Is my whistle really a steam whistle?
This is a very good question. Common misconceptions about certain items lead some to believe they have whistles when actually they don't. Here are some examples of steam whistles and non-whistles with their misconceptions:

1.) Dead man whistle. These whistles were used in the cabs of diesels to alert the engineer that his foot came off the dead man pedal.  They were usually placed behind the control panel in front of the engineer. Most whistles of this nature were around two to four inches tall marked with a funny looking little symbol meaning Westinghouse.

2.) Car/Exhaust Whistle. Years ago some cars were outfitted with exhaust whistles as warning devices. These photos show examples of exhaust whistles. 


3.) Caboose Whistle. Way back when railroads used cabooses each usually had a signaling device on each end. Sometimes used to signal the engineer and other times to warn pedestrians if the train was backing up. Also, in an emergency they could dump the air and lock the brakes.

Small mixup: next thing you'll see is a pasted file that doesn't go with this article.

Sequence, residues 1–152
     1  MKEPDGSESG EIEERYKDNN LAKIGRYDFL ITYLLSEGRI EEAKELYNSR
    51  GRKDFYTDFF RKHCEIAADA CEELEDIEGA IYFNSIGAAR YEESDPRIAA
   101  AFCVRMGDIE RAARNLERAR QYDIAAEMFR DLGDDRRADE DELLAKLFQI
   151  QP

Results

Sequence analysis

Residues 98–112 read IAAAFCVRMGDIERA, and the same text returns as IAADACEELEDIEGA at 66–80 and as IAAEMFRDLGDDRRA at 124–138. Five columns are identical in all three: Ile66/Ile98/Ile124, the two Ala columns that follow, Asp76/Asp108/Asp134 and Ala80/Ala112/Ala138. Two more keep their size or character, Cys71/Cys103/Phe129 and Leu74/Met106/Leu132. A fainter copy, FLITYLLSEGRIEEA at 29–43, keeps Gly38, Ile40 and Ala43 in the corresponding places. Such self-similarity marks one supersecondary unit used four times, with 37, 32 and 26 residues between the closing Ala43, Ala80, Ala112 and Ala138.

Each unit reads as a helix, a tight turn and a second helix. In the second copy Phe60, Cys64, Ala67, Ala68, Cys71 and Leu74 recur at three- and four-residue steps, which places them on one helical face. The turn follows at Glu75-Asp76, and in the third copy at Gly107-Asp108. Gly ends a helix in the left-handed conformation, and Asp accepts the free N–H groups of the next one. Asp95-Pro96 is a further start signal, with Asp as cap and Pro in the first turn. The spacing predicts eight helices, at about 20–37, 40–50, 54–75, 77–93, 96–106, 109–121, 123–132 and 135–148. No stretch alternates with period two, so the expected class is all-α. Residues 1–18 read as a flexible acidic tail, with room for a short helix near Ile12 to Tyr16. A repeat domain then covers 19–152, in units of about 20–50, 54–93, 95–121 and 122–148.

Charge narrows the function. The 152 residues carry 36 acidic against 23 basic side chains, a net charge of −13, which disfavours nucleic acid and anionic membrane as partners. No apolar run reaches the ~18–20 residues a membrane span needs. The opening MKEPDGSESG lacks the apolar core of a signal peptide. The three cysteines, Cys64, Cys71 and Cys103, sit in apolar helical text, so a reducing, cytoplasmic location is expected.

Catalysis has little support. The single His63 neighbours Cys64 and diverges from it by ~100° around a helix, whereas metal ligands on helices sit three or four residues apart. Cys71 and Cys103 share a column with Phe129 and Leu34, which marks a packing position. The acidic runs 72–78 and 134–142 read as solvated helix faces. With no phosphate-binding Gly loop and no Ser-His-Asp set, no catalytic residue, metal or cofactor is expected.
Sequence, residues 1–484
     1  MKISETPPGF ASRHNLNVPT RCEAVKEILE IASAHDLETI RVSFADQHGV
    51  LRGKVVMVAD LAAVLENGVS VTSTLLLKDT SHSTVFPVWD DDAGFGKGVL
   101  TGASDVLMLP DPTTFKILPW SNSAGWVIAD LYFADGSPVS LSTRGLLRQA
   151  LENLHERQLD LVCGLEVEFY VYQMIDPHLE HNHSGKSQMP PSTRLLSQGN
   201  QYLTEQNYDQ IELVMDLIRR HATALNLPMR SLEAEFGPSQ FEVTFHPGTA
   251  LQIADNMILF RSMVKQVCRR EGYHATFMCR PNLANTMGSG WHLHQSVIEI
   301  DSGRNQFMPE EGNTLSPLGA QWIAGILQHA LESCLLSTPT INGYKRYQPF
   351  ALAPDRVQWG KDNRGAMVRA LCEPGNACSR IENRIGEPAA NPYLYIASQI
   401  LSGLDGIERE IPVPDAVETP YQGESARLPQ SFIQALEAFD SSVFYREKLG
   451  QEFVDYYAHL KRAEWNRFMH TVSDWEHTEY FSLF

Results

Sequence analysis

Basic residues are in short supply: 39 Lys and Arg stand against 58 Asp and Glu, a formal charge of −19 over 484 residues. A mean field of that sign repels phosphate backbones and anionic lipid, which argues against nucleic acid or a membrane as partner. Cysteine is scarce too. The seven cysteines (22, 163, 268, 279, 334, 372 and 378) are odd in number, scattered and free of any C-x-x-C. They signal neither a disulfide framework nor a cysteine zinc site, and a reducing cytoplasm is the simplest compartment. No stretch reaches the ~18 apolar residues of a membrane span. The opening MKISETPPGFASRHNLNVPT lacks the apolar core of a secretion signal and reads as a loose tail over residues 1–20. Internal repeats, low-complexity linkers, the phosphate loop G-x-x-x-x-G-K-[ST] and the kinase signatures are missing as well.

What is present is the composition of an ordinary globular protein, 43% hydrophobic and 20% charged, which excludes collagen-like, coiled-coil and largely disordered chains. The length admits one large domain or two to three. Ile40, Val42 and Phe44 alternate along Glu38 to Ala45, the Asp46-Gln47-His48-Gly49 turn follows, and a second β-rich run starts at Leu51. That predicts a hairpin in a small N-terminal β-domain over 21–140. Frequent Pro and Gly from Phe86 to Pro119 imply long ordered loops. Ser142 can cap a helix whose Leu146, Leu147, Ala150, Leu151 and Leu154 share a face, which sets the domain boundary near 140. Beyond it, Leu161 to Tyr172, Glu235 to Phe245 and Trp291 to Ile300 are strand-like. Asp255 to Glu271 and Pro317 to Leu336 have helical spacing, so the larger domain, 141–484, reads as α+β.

4.) Pop-Off Valve. These devices were the only thing between blowing up, and staying in one piece.  When the steam pressure would get to high in a boiler, the spring loaded pop off valves would open up and let so many pounds of pressure out. They could be set to regulate how much drop was needed.



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